That being said, there are multiple ways to use free Star Stones wisely. For one thing, saving up 50 Star Stones for a 10+1 is the smarter way to go as you’re guaranteed at least one 4-star creature. There’s also 5-star monster summon tickets you can earn by completing objectives in the game. As the name suggests they guarantee you any random 5-star. There’s also special “priority” summons in which the chances of you pulling creatures of one of the five elements offered in the game is greater. This rotates on a daily basis. There’s also special event summons with a smaller pool like the current Fairy Tale summon right now where you can get characters like Puss in Boots and Snow White.
The downside to this is that you only get one Star Stone per story level completion, and story levels are finite. Now there are events to earn more, there are sometimes daily log-ins that gift the stuff, etc. However the ways of earning Star Stones are so much smaller than the amount of things you can do with Star Stones in contrast that you start to see a pretty good F2P app begin to be weighted down buy a greedy premium currency policy. Again, they want you to buy those monthly subscriptions. And, unfortunately, Moregeek seems keen on gimping availability of earning premium currency to see that we do.
That being said there is a silver lining. It appears that the rates of 4-star and 5-star characters are actually pretty high, so the limits of farming premium currency may have been an attempt at a balancing act. It’s a poor decision, but the game can feel pretty easy/auto-pilot even with a single 5-star character so I can see what they might have been thinking. You can also evolve your creatures into higher rarities, with many of the lower rarity creatures actually being pretty good. But there is a huge power jump between 4-star and 5-star characters, and in a game with such a strong PvP concept this can potentially be detrimental. F2P users should plan ahead and only use free Star Stones at their own risk or in specialized priority summons like the one pictured here to try and minimize the harm of RNG.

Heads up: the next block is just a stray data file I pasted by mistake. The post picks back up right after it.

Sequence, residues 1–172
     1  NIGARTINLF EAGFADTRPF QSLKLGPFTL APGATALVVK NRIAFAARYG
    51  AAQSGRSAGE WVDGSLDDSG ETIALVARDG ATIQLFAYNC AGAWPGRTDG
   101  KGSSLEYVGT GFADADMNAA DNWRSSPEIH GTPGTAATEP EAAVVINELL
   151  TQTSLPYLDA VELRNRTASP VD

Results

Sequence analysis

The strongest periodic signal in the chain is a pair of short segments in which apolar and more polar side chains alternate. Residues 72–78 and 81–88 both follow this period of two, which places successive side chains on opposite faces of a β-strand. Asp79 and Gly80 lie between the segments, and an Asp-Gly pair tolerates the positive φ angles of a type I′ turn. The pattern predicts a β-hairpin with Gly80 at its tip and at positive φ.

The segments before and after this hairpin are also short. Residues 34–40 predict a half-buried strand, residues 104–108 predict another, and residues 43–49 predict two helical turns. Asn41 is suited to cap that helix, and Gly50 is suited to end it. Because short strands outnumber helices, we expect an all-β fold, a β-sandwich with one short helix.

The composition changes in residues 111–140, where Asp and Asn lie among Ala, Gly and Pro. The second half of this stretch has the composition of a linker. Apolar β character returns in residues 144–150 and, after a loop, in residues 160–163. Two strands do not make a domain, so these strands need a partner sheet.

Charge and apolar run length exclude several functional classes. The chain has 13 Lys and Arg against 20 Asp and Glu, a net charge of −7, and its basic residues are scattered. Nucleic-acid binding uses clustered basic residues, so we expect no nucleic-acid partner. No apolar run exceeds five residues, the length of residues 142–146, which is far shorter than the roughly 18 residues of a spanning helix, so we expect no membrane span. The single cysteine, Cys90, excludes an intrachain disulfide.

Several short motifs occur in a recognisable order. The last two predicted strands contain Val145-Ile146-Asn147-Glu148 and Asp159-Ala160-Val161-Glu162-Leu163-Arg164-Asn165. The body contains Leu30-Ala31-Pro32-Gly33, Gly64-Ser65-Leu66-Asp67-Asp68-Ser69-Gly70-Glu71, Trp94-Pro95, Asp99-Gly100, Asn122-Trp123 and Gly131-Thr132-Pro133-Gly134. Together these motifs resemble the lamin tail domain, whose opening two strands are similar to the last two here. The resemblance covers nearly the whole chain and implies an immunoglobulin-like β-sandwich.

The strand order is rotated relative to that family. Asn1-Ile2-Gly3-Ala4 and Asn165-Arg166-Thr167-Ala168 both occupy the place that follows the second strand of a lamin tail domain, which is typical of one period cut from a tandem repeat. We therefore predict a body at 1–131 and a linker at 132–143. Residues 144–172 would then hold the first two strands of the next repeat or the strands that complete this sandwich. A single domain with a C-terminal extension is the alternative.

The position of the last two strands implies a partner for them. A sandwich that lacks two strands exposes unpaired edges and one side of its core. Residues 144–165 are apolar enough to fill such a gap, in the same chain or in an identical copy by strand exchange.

The ability to buy map pieces and traps for your dungeons sucks though. I feel like that should have been kept as a content earned thing, especially since those are still RNG reliant as well. It’s bad enough that people can fully stack themselves with characters, you didn’t need to taint your awesome PvP mode with P2W tactics like that.
Final Verdict: If you’re willing to look past the borked combat, great game to try. Otherwise you might want to look elsewhere.
- Pretty in-depth Hero Customization (gear glamour system)
- Runs great on most devices
- Buttery smooth UI
- Rare character summon rate appears to be more generous compared to others
- Art direction is very cute. Both 2D art and 3D art match each other pretty well.
- Emulator friendly
- re-roll friendly
- official APK support
- in-game currency is laughably easy to farm
- Rotating priority summon themes to help fight RNG
- Super fun and unique PvP mode concept
- Playerbase seems to be active at the moment
- The combat system. While the action combat is a great idea, the whole attacking depending on the AI is not.
- No control over summoned characters
- AP/Stamina system. Seriously, this tactic is so outdated. Please stop using it in these games!
- Expensive cash shop
- Finite resources for earning premium currency
- Very clear P2W packages within the cash shop
- Having the audacity to offer a $45 monthly sub.
I want to love this game so badly! I really, really do. However the heart of all gaming is gameplay, and Orbit Legends‘ take on auto attacking makes me grit my teeth. The game feels more stressful to play than it does fun because of that one mechanic choice. Combine this with their hideous cash shop and I find myself both bored and turned off. So I, personally, will not stick with with it.
Because the pros far outweigh the cons, I can’t just write this off as a game not worth trying. It’s a crying shame that Moregeek dropped the ball on combat and their cash shop because everything else is absolutely amazing. Which is why if you’re reading this and you can get past the combat (or if you end up actually liking it), then I highly recommend you download the game and see for yourself if it’s your cup of tea. Because of this I also won’t mind returning to this title in a month to see where Moregeek goes with it.